BBC Proms reviews

Preview: BBC Proms 2015

An empty auditorium at the Royal Albert Hall

An empty auditorium at the Royal Albert Hall (Photo: Christie Goodwin/Royal Albert Hall)

The 2015 season is the 120th anniversary of the world’s largest and longest-running music festival, with 92 concerts over two months. As ever, the programme choices lead to heated debate, ranging from ‘WTF? Dance music in Ibiza?’ to ‘Hmm, hardly any Handel, precious little Poulenc, sparse on Schumann and Schubert, woefully lacking Wagner…’ and as always there is the exquisite pain of choosing between the last night here (Danielle de Niese and Jonas Kaufmann) and the first night over at the Wigmore (Iestyn Davies).

However, for the tenth year running the price of a promming ticket has been kept to £5, which we still think is the best bargain in town and, not to mince words, puts a sock in the mouths of those who assert that classical music is ‘elitist’ and ‘too expensive.’ Every prom will be broadcast on BBC Radio 3, there are several TV showings (with one of this year’s innovations being a CBBC presentation) and, recognizing the fact that last year saw 56% of all unique browsers coming from mobile and tablet, this year there will be more online than ever before across PC, mobile and tablet.

So what are the highlights, and which Proms will we be fighting over? Regular readers will know that your classical editor would rather eat chocolate pilchard creams for lunch than attend anything containing the words Ibiza, Hip-Hop, Swing, Bollywood or ambient music but there is plenty for those of like mind – and even quite a lot for our friends with different tastes. The most sought-after events will probably include the complete Beethoven piano concertos performed by Leif Ove Andsnes and the Mahler Chamber Orchestra, the commemorations of the 150th anniversaries of the births of Sibelius and Nielsen – including all seven of the former’s symphonies – and Glyndebourne’s annual visit, this time with a new production of Mozart’s Die Entführung as dem Serail.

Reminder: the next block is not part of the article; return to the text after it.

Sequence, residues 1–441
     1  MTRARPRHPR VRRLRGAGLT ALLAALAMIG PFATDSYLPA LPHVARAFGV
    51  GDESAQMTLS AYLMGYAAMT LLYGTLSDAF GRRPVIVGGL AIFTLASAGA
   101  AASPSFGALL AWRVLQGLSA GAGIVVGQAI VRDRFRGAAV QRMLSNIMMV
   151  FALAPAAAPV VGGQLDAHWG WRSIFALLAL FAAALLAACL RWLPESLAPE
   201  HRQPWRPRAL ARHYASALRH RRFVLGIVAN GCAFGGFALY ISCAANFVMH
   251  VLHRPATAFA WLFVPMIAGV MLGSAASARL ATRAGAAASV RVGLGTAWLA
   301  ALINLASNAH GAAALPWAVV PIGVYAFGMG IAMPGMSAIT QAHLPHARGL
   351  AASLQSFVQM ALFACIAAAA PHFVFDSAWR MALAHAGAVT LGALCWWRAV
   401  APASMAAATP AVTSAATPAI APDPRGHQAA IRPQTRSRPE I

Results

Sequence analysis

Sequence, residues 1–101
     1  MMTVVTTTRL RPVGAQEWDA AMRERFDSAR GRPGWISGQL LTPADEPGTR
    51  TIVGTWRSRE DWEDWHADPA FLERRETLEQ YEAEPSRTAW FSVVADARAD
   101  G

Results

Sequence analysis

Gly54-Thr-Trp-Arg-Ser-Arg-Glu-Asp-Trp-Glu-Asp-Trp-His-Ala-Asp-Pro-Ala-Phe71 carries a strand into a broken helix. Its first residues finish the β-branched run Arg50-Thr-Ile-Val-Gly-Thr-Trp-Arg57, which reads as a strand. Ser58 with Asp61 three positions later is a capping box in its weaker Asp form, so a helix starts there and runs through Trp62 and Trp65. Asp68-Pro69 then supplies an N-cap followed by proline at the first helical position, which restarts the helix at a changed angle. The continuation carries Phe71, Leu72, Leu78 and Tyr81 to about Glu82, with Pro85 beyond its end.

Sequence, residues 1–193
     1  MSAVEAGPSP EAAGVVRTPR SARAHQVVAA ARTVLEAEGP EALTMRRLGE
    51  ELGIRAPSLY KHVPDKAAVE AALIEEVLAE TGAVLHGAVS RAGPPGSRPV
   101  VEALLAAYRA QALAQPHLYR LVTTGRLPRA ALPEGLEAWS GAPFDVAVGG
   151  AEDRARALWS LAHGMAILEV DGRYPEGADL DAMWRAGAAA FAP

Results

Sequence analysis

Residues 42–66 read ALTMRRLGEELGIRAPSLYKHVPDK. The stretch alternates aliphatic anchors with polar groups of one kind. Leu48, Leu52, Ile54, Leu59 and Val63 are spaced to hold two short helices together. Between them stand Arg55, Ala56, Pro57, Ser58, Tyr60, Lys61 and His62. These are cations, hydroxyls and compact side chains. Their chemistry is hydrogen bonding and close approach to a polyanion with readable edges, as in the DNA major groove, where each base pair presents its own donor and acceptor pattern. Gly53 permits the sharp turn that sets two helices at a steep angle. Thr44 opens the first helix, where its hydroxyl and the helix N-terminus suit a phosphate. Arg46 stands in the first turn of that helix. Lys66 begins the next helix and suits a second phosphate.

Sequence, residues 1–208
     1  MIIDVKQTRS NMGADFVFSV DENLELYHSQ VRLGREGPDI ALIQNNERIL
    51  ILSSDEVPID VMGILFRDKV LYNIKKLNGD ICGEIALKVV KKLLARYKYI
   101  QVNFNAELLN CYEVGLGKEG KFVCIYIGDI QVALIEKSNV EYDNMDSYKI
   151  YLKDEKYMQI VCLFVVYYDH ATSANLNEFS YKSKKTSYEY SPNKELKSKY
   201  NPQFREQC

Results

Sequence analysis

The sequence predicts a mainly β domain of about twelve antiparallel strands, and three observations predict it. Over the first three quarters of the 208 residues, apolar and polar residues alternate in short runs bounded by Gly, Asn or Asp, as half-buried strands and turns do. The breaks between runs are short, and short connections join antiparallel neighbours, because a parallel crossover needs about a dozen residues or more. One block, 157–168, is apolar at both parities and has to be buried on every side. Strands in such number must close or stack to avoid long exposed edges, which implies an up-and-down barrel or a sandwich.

Bach’s solo instrumental work is explored in what we are told is “…the intimate and versatile setting of the Late Night Proms…” for that, read relegated to intimate and impossible unless you live near enough to the hall to use the underground or to have a half-way decent train service. Wonderful sounding late concerts which I will not be attending include Yo Yo Ma heroically playing all the ‘cello suites in a single (late) evening, Alina Ibragimova performing the complete Sonatas and Partitas over two nights, and András Schiff with the Goldberg variations.

In a more contemporary vein, Pierre Boulez’ 90th birthday is celebrated with a series of concerts, there are premieres from James Macmillan and Colin Matthews, and the BBC Philharmonic performs a newly discovered piece by Messiaen. In an even more modern style, BBC Radio 6 will present what is described as “a reimagining of classical music’ by Nils Frahm and A Winged Victory for the Sullen; apparently it is to be something entirely new in terms of performance, which indeed sounds intriguing.

Other highlights are sure to be the first ever Proms partnership with Grange Park Opera, when the Hampshire festival brings its new Fiddler on the Roof with Bryn Terfel, and Sir Simon Rattle conducting Elgar’s The Dream of Gerontius. Of course, there’s the Last Night, in which Marin Alsop will conduct the BBC SO, and Jonas Kaufmann and Danielle de Niese will between them give us some Puccini nuggets, a bit of Lehár, a Sound of Music medley and the usual standards. Will Danielle sing Rule, Britannia in full regalia, or will Jonas be resplendent, Thomas Hampson style, in a diplomatically designed flag / waistcoat? One of us will be there to report.

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